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Apple ‘startup’ claim unlikely to get off ground

Apple ‘startup’ claim unlikely to get off ground

Apple will need to produce significant evidence of prior use to even come close to winning it’s trade mark application for the term ‘startup’, it has been claimed.

Apple’s application, lodged in Australia with the help of Baker & McKenzie on Tuesday (27 August), will have to satisfy an examiner that it’s capable of distinguishing a range of Apple’s products and services.

“They’d want to have quite a bit of evidence up their sleeve because startup is such a common word, particularly in the technology space,” said Tim Hemingway, an IP and technology partner at Swaab Attorneys.

Apple is seeking to use the trade mark in relation to all retail store services, including computer hardware, software and other digital devices, as well as educational services like classes, workshops and seminars and computer diagnostics, often carried out through its in-store Genius Bar.

“Even if for the last three years the word startup has been plastered all over every Apple store in the country, and various uniforms and devices and the rest of it, well that’s one thing, but the public’s perception of that is another,” said Hemingway.

IP Australia’s trade mark examiner will consider the potential inconvenience caused should the trade mark application be successful; while it would not give Apple a total monopoly on the word startup, it would prevent others from using it to distinguish similar goods and services.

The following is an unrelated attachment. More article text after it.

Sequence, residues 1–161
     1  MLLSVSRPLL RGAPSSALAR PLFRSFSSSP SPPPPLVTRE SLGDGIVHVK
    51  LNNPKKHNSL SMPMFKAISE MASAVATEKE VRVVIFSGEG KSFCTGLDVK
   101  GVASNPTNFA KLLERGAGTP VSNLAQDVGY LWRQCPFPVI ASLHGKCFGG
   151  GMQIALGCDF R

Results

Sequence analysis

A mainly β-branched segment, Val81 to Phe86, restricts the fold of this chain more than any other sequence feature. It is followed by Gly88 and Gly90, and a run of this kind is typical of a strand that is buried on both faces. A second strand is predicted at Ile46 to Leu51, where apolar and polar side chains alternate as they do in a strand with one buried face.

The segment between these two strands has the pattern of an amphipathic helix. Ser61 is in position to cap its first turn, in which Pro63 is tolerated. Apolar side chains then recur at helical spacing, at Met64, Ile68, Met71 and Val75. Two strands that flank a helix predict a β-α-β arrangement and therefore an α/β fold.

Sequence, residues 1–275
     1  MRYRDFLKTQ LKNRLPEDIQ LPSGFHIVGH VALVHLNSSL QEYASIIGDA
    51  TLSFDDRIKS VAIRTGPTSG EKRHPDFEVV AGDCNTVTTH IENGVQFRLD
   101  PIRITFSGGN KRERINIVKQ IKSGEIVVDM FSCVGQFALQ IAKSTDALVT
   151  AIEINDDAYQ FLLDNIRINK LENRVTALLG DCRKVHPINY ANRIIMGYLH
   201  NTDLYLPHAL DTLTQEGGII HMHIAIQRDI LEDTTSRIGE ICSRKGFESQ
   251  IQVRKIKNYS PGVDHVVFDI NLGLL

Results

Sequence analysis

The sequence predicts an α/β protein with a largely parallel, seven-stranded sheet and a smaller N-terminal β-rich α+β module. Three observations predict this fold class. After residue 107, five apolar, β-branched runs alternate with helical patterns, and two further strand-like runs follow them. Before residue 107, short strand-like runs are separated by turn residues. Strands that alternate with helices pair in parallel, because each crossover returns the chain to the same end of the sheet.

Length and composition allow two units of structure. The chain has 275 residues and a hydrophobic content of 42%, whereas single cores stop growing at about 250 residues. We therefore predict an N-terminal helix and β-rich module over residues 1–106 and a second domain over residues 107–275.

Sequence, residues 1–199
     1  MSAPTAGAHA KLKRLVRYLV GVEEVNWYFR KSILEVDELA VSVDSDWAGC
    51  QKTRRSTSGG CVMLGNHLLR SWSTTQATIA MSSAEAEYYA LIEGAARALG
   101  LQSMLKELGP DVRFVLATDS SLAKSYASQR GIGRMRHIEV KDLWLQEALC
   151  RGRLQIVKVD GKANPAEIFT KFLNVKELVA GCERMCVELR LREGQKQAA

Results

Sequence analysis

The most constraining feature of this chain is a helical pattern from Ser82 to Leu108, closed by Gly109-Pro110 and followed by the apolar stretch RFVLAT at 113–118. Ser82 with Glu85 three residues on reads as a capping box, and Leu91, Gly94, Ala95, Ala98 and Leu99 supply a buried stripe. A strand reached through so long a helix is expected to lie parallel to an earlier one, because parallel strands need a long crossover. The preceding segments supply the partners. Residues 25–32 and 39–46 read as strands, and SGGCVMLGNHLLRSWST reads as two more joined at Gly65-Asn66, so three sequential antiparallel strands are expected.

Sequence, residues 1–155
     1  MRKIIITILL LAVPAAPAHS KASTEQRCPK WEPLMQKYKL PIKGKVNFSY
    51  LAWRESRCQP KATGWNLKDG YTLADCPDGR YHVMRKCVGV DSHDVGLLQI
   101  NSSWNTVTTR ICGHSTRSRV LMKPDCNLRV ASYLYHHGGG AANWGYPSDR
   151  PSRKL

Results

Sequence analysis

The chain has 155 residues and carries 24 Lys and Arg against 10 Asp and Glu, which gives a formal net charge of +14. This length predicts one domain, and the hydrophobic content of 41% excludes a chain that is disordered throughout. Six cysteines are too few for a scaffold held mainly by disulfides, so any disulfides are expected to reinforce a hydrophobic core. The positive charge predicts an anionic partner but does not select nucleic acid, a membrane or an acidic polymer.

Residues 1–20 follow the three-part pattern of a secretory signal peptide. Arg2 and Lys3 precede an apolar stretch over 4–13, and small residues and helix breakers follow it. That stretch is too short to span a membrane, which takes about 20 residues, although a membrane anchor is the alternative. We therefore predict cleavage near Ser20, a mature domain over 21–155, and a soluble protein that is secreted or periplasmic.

“The risk is getting into an argument about whether somebody’s use of the word startup is as a brand,” said Hemingway.

“It would be a tremendous waste of everyone’s time and resources if [people] had to sit back and think twice about whether to use the word startup in their marketing activities because it was Apple’s.”

Apple previously filed for trade marks over the word in the US and Australia in April 2011. The initial Australian filing was rejected, but Apple received a preliminary trade mark in the US, pending a consultation period. Numerous US parties filed objections and Apple reportedly has until mid September to respond to those objections. 

Parties can object on a number of criteria, including by showing ‘”concurrent or co-existent” use of the term startup.

“Even if Apple can show use and reputation in the term, equally, others may show they’ve used it for longer and in a similar way,” said Hemingway.

If Apple passes the examination phase in Australia, anyone can oppose the application within a two month period.

An IP bully?

Apple has not made its intentions clear, but it has been suggested the global corporation could be trying to use the phrase as a marketing tool to push out mobile operators and sell contracts to customers directly.

The official Apple website refers to its operating system turning on as Startup (with a capital letter) and late last year it was granted the US trade mark for its startup chime - the sound a Mac computer makes when switched on.

Apple has a reputation for trying to trade mark generic terms in an effort to marginalise competitors or extract licensing dollars from individuals and companies.

Last month it dropped its lawsuit against Amazon over the phrase ‘app store’ when success looked doubtful; earlier in August it lodged another trade mark application in Australia for the phrase ‘multi-touch’, covering various electronic devices.

“The branding is as important as the technology itself and products they sell,” said Hemingway.

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Apple ‘startup’ claim unlikely to get off ground
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